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The Importance of the Study of History

04/16/2021 12:33:25 PM

Apr16

­­­I love history.  One of the aspects of Reform Judaism that I cherish is that it puts an emphasis on the importance of history in terms of understanding Judaism.  In traditional Judaism there is a concept which renders history irrelevant.  This concept is ein mukdam v’ein muchar ba’Torah, “there is no before and there is no after in the Torah”.  This idea means that historical order is non-existent or irrelevant from the point of view of traditional Judaism in practicing and being a Jew.  Reform Judaism, however, places extreme importance on history in terms of our ability to be fully realized Jews.

Many believe we study history in order that it not be repeated.  There are two problems with this line of reasoning.  One is that knowledge of history does not seem to lead to changing future behaviors.  People who are very well educated in what happened long-ago often duplicate, with slight variation, the mistakes of the past.  As the saying goes, “history tends to repeat itself”.  Secondly, the study of history to simply not repeat it, in my opinion, robs the study of history of the richness it can actually offer to the mind and soul.  To merely study something to know what not to do seems like a particularly tedious and uninspiring exercise. 

Peter N Stearns offers a different reason for the study of history in the following way, “History helps us understand people and societieshistory helps us understand change and how the society we live in came to behistory contributes to moral understandinghistory provides identityStudying history is essential for good citizenshipWhat skills does a student of history develop? The ability to assess evidenceThe ability to assess conflicting interpretationsexperience in assessing past examples of changeWhy study history? The answer is because we virtually must to gain access to the laboratory of human experience. When we study it reasonably well, and so acquire some usable habits of mind as well as some basic data about the forces that affect our own lives, we emerge with relevant skills and an enhanced capacity for informed citizenship, critical thinking, and simple awareness.” (https://www.historians.org/about-aha-and-membership/aha-history-and-archives/historical-archives/why-study-history-(1998))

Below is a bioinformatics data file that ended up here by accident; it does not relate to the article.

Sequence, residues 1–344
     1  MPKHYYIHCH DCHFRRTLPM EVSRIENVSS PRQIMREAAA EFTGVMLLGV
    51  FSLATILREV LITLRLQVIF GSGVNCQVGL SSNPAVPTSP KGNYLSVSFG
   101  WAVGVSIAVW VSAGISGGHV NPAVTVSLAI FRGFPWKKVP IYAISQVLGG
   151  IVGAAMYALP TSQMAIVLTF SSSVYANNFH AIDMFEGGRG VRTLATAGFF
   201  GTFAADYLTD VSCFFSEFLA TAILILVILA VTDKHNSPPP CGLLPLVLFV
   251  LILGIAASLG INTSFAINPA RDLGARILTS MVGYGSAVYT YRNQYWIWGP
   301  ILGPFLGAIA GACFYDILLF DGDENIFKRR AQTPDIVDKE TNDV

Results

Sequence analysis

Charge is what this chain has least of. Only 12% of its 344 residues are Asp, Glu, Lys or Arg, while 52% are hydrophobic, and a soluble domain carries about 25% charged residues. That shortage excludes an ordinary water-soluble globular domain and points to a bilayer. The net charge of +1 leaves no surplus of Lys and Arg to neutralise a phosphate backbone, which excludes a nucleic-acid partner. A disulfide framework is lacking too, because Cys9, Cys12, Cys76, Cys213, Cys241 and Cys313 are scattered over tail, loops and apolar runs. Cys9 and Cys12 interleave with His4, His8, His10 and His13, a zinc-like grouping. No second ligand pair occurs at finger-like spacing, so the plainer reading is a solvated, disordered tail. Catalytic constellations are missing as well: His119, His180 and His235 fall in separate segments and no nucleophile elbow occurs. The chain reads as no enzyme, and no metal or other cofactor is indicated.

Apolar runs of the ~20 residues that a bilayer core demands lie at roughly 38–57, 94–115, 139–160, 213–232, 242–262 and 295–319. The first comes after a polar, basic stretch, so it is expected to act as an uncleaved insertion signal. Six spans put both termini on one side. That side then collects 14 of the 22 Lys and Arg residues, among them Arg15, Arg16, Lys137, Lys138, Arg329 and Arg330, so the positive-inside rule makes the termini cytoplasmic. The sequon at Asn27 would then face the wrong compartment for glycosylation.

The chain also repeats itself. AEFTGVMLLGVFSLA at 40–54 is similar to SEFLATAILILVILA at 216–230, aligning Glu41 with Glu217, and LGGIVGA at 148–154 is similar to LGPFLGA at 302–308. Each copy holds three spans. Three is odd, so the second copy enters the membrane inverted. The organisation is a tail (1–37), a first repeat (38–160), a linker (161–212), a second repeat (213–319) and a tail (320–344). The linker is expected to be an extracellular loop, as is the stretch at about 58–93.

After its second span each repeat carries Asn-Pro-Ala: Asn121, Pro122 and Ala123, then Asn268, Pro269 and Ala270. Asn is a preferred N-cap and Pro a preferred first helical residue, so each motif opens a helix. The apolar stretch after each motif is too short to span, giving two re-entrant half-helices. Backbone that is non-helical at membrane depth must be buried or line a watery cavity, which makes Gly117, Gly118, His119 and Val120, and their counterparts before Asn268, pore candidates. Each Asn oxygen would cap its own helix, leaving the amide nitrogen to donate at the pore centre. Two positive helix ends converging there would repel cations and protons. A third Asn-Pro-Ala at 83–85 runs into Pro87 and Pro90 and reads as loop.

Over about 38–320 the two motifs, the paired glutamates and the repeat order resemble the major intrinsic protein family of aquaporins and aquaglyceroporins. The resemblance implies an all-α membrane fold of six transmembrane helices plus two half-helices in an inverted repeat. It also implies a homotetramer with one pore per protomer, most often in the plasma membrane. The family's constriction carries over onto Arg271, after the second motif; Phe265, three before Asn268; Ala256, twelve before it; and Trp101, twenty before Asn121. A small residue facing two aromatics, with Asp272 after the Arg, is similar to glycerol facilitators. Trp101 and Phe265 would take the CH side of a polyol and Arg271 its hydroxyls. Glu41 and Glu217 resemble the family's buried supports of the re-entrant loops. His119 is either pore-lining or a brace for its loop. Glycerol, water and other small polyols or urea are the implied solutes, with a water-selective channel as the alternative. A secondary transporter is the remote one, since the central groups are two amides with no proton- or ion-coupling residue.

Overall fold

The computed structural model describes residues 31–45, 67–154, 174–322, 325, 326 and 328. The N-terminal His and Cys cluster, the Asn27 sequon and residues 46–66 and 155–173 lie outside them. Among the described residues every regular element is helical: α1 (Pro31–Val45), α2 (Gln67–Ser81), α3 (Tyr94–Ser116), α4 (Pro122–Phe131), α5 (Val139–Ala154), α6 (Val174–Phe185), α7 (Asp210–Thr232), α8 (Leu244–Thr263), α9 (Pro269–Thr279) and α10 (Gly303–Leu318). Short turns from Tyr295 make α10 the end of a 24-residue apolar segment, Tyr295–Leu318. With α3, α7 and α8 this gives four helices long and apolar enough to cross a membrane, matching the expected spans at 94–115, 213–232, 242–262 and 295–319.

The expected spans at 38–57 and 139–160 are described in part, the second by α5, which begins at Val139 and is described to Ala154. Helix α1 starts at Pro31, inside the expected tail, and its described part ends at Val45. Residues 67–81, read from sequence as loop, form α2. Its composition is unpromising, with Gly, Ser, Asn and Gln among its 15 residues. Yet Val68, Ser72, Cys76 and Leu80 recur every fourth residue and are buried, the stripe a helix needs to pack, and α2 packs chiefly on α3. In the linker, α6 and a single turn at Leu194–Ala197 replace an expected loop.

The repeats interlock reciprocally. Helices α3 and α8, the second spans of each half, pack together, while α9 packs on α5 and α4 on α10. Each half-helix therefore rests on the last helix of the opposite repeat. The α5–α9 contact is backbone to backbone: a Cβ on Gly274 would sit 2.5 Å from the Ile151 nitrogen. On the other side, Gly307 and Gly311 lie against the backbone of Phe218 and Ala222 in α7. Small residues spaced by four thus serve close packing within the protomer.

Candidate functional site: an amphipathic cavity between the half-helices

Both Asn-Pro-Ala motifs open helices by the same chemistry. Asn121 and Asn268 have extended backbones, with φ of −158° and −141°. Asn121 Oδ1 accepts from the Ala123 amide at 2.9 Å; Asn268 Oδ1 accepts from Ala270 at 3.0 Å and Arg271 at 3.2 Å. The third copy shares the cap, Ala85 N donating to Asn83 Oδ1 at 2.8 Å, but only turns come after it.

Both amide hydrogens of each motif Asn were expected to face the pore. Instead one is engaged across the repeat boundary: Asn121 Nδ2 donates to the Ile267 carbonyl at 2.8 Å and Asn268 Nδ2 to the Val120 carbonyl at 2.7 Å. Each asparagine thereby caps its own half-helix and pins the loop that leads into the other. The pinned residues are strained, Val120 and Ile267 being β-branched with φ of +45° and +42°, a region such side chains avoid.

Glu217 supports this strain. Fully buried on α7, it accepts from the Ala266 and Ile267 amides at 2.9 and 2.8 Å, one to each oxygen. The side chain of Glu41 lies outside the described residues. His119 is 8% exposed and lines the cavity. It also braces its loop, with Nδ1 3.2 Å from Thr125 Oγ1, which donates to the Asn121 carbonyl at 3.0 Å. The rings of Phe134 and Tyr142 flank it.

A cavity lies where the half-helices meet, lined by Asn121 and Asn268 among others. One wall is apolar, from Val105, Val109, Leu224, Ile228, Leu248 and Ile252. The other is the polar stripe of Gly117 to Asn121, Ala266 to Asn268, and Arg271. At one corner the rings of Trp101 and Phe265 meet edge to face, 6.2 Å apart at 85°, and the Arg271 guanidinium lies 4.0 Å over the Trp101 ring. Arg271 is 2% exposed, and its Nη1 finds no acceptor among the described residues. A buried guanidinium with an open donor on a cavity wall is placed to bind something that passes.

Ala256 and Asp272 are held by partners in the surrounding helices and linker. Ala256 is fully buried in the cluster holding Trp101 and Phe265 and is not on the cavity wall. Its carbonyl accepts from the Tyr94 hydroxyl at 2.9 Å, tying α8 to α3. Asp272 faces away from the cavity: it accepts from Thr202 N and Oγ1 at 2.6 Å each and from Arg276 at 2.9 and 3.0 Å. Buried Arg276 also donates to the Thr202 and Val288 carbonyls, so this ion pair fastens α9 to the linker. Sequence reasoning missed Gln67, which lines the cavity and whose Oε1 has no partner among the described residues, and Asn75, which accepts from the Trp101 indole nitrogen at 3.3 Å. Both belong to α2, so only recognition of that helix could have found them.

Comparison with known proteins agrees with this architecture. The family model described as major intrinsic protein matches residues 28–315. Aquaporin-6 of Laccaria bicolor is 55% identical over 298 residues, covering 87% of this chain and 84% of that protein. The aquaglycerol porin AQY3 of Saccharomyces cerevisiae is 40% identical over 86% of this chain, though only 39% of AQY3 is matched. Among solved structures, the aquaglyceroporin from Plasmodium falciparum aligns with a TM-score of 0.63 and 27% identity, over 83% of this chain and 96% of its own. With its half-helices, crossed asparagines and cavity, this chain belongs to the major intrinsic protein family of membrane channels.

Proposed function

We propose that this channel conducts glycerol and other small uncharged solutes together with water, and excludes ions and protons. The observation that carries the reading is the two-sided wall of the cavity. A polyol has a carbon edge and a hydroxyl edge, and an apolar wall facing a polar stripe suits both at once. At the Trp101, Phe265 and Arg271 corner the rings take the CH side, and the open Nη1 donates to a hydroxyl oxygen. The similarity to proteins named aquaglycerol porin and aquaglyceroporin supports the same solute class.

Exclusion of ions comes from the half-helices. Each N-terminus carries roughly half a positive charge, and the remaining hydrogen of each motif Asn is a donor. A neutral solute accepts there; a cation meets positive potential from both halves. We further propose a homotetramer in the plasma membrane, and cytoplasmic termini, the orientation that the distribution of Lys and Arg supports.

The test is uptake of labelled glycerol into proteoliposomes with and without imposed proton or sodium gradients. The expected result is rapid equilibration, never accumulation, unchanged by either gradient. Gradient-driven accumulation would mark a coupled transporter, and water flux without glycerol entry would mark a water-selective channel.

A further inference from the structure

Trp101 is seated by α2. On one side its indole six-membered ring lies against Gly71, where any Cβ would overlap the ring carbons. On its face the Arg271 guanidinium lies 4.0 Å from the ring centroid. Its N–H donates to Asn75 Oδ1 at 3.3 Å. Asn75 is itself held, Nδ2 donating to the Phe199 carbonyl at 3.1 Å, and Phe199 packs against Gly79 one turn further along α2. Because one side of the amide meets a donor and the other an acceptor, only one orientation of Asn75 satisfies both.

Therefore, we in fact study history because it enriches our understanding of who we are and how we came to be where we are.  In short, history is training in understanding that I offer allows our minds and souls to grow.  The virtues of understanding are that it makes us wiser, more compassionate, empathetic and allows us to see a wider spectrum of existence. 

As we are living between the periods of Passover and Shavuot, the benefits of history are particularly relevant to the spiritual work of this time.  The study of these holidays will allow us to, as Peter Stearns suggests, “acquire some usable habits of the mind” and I might add strengthen our souls for the future.  There must be a before and after in Judaism, for without it we can never fully gain all the spiritual benefits our religion has to offer.

Sat, May 15 2021 4 Sivan 5781